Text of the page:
EKG: Heart Anatomy and Physiology

Heart Anatomy and Physiology: Overview

Focus topic: Heart Anatomy and Physiology

The human heart is a hollow, cone-shaped, muscular organ roughly the size of its owner’s fist that weighs approximately 9 to 12 oz (250-350 g) (Size of the human heart). The heart measures about 5 in (13 cm) long from base to apex, 3.5 in (9 cm) wide (at the base or top of the heart), and 2.5 in (6 cm) thick. It comprises approximately 0.45% of a man’s and about 0.40% of a woman’s body weight. Variances that can be noted would be an athlete whose heart would most likely weigh more than someone who does not exercise regularly, a person with heart disease whose heart has increased in size and mass (hypertrophy), and an elderly individual whose heart would weigh less than someone in early adulthood. A person’s heart size and weight are influenced by body weight, physical build, exercise regimen, age, sex, and illnesses such as heart disease, scoliosis, and diabetes.

Heart Anatomy and Physiology: Size of the human heart

Focus topic:  Heart Anatomy and Physiology

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The heart is located in the chest slightly to the left of the breastbone. The heart resides in a space behind the sternum and in front of the spine between the lungs called the mediastinum. It sits above the diaphragm and tilts like an inverted triangle with two thirds of the heart lying to the left of the sternum. The remaining third of this organ extends into the right side of the sternum.

The top of the heart (the part closest to the head) is the base. The major portion of the base, which lies below the second rib, is established by the left atrium. The right atrium contributes a smaller portion of this base. The base is where the great vessels, including the aorta and the pulmonary artery, are attached to the heart. The heart lies in front of the esophagus and the trachea and the descending portion of the aorta lies behind this portion of the heart. The lower portion of the heart (the point of the triangle) is the apex and consists of the left ventricle which tilts down and forward, toward the left side of the body. It is positioned between the fifth and sixth ribs in the left midclavicular line and rests superior to or above the diaphragm (Position of the heart in the chest).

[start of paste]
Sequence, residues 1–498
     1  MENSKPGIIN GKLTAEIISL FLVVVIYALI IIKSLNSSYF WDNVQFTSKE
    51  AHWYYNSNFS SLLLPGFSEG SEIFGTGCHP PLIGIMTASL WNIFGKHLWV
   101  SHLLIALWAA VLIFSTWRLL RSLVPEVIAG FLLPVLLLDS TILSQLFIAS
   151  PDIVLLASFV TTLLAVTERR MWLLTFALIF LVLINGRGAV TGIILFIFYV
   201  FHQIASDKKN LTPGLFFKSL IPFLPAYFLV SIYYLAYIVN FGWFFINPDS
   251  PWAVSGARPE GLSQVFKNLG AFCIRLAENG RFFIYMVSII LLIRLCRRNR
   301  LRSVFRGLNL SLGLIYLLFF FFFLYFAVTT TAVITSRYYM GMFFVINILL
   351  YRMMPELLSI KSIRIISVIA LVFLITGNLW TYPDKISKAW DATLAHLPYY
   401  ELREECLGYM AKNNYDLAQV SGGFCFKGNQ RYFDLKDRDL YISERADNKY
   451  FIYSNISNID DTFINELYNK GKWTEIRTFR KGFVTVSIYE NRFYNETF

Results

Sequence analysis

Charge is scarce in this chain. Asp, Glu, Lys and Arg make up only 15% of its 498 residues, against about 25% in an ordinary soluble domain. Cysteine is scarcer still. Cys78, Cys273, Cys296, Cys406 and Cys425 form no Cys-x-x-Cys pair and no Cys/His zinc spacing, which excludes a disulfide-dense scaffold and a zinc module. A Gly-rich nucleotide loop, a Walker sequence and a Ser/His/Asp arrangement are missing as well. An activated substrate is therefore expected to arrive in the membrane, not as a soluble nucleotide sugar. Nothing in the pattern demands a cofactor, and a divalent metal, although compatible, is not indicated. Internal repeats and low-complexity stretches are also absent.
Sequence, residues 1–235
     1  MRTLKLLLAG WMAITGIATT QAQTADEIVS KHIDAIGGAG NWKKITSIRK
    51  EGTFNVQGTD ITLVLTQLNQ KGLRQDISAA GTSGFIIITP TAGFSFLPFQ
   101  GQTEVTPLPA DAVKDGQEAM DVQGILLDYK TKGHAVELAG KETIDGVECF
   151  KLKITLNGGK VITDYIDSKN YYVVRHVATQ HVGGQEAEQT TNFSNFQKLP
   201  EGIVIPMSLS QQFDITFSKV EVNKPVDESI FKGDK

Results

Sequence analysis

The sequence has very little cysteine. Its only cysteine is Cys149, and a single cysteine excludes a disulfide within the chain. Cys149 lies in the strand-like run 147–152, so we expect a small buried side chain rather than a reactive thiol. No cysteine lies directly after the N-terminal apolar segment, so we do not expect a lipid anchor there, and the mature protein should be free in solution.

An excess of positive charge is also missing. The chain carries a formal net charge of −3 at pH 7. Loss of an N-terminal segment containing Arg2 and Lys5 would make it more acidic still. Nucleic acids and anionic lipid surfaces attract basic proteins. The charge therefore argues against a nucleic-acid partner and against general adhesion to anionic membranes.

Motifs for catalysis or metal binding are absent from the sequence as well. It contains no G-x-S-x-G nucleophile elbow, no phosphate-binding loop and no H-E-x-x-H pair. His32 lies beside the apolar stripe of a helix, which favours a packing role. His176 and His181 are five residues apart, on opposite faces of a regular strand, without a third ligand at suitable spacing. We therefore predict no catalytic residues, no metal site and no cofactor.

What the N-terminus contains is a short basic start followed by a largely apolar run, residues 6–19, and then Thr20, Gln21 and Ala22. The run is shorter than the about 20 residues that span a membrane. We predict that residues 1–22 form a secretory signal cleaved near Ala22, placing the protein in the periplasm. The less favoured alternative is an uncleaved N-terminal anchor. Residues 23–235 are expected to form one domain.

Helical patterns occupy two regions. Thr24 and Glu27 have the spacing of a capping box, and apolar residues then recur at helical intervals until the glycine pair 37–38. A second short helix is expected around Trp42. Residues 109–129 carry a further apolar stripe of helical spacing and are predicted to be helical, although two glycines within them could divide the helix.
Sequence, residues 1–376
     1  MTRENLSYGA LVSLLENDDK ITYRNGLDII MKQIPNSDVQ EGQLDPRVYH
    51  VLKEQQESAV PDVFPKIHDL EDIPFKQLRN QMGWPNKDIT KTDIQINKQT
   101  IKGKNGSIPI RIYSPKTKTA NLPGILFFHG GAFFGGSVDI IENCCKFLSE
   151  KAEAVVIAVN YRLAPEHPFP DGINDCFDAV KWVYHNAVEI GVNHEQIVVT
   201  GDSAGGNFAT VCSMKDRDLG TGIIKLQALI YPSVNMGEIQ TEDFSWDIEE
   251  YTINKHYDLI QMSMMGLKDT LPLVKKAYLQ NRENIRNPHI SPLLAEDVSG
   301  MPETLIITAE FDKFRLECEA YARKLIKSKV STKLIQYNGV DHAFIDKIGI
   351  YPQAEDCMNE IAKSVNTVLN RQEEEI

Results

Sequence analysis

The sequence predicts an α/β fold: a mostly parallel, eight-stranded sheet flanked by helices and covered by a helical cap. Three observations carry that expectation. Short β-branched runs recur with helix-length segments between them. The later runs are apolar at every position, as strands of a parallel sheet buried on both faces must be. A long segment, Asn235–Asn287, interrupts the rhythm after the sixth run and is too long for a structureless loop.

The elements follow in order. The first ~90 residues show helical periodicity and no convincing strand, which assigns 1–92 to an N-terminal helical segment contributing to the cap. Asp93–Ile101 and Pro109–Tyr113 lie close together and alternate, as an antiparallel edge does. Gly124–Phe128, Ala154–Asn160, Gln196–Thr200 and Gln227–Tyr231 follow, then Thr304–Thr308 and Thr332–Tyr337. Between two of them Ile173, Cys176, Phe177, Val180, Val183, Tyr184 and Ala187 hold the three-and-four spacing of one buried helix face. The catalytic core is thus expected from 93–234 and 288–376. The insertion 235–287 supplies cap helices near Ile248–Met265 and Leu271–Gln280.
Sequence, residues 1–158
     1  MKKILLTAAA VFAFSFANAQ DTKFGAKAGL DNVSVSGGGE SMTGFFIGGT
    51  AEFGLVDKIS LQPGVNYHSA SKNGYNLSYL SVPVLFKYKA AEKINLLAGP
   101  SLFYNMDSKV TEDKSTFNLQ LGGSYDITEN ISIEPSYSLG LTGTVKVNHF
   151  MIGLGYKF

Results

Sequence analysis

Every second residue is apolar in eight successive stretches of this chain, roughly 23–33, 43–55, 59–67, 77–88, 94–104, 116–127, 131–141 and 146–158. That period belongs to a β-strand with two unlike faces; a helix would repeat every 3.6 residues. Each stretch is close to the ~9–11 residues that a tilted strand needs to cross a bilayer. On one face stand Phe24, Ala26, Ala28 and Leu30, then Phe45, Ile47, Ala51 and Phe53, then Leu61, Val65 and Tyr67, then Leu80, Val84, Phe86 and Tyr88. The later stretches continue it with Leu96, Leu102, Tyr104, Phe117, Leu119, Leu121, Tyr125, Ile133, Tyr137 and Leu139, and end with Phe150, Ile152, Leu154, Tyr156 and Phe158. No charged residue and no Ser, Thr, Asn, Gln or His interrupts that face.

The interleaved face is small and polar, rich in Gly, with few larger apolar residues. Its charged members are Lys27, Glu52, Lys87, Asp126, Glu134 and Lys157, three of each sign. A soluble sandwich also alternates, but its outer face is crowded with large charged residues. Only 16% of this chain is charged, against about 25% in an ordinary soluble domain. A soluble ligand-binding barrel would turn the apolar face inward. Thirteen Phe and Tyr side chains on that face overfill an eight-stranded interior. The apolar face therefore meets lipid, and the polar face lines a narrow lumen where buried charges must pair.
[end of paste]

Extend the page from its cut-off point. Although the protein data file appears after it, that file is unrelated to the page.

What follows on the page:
Heart Anatomy and Physiology: Position of the heart in the chest

Focus topic: Heart Anatomy and Physiology

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The position of the heart can vary considerably depending on body build, size and shape of the chest, and the level of the diaphragm. The heart of tall, slender people tends to hang vertically and be positioned centrally. Short, stocky people tend to have hearts that lie more left and horizontally. The infant heart lies in a more horizontal position until the age of approximately 7. The apex of the heart in the infant population is positioned at the fourth intercostal space.

Clinical Alert

The function of the heart is to pump blood through the network of arteries and veins called the cardiovascular system.

Heart Anatomy and Physiology: Heart Layers

Focus topic: Heart Anatomy and Physiology

The heart’s wall is made up of three tissue layers: endocardium, myocardium, and epicardium (Layers of the Heart Wall).

Heart Anatomy and Physiology: Layers of the Heart Wall

Focus topic: Heart Anatomy and Physiology

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  • Endocardium: Innermost layer of the heart wall made up of a thin layer of endothelial cells and connective tissues. This smooth endocardium lines the heart’s inner chambers and valves and is continuous with the interior layer of the arteries and veins. Capillaries, the connection between the arteries and veins in the body, are made up of one thin layer of endothelial cells. This allows for ease of movement of oxygen and other crucial elements to move across the membrane to nourish the cells and for waste products such as carbon dioxide to pass into the vascular space to be carried to their exit points.